Students Research Pop Bottle Gardening
How many people can you feed with plants grown in a two-liter bottle?
That’s not the kind of question you hear every day — unless you are doing research into urban agriculture, like Dr. Jason Streubel, Associate Professor of Biology at Evangel University.
Streubel also leads the Agriculture initiative of Convoy of Hope, and it is his work with this Springfield-based organization that has excited biology students at Evangel.
“In addition to our ongoing work in Haiti, we have started working with a group of urban pastors in Detroit,” said Streubel. “We are downsizing the concept of community gardens. We are teaching the pastors to ‘plant what you can, anywhere you can.’”
Since launching their efforts in Haiti, Streubel and his teams have trained 2,300 farmers in best management practices specific to their region and crops. They recently polled 400 farmers who reported a 250% increase in yield and an 80% increase in income as a result of Convoy’s education and seed program.
“So this year, my Evangel students are working on discovering the yield potential of various containers,” he said. “We know what to expect from traditional gardens. But we want to know what will grow in a common plastic bottle.”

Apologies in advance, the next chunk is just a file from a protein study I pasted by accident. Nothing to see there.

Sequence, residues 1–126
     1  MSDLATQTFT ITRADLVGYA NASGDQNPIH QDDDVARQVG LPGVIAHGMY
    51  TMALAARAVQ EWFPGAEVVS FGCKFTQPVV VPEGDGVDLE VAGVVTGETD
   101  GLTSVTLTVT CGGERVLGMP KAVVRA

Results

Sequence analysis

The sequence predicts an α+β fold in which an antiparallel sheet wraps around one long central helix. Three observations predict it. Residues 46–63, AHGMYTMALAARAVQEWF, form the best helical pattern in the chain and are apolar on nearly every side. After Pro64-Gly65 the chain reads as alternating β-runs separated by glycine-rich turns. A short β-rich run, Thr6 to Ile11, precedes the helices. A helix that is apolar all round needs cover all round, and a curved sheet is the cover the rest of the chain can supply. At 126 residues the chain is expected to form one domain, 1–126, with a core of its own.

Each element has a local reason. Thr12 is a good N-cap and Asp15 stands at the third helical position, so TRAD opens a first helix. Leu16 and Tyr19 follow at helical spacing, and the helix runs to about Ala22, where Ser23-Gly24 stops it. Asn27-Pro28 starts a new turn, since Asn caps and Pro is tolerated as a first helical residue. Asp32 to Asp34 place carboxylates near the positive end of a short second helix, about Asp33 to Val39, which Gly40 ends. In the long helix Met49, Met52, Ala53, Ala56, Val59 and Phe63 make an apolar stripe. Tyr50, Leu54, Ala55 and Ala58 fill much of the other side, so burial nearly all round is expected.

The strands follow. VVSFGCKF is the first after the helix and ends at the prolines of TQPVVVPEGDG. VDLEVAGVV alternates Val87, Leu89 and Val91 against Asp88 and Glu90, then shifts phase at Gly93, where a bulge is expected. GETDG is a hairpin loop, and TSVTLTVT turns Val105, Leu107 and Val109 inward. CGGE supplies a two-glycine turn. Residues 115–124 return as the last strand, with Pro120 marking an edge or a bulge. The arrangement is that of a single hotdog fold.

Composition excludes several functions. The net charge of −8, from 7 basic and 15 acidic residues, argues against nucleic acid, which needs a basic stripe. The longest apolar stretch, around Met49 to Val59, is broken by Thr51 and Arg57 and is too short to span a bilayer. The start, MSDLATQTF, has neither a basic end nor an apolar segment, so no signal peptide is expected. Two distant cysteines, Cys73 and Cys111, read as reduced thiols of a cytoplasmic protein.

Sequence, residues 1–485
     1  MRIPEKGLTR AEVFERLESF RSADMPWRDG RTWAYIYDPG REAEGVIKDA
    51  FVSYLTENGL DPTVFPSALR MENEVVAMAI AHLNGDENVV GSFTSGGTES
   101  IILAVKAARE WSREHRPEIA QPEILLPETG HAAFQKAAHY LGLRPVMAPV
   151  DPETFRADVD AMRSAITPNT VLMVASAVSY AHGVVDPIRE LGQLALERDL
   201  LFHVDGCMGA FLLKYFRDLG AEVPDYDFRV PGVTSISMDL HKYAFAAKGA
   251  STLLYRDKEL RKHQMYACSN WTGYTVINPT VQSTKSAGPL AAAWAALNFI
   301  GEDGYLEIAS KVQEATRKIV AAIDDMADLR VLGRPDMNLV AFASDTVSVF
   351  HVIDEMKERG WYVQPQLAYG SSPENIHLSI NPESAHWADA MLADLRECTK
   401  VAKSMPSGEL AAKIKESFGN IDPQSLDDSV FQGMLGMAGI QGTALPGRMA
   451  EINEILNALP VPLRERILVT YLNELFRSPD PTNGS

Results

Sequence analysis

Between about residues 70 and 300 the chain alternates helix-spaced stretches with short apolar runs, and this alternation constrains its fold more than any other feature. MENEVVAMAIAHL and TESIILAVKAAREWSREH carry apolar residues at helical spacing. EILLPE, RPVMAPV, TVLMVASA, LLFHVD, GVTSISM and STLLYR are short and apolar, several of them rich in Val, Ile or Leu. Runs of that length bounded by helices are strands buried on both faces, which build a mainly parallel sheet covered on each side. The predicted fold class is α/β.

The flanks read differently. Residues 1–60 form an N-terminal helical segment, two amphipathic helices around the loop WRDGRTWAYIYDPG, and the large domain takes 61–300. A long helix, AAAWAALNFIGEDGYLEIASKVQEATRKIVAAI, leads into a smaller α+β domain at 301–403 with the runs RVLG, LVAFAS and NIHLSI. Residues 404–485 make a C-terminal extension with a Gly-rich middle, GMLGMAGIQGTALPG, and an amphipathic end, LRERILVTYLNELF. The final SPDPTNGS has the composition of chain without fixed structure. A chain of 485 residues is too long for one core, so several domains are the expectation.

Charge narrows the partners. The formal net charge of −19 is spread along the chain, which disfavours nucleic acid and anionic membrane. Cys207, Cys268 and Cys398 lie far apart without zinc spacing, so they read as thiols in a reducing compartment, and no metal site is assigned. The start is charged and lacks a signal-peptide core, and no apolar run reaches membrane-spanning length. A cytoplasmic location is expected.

Evangel students studied academic and professional publications last semester, and then established parameters to implement the spring research.
Beans will be planted in four types of containers in Evangel’s greenhouse — a simulated garden, 4-inch pots, one-liter plastic bottles and two-liter plastic bottles.
“This research directly correlates to everything we are doing at Convoy of Hope, from the inner city of Detroit to the fields of Haiti,” Streubel said.
“This is also an academic evaluation. We hope that our findings could be published and presented at The American Society of Agronomy meetings.”
Streubel is pleased that his collaboration gives students a hands-on experience and helps Convoy of Hope expand its work.
“It is my desire to inspire and equip the next generation of faith-based scientists working in organizations like Convoy of Hope and in universities around the world.”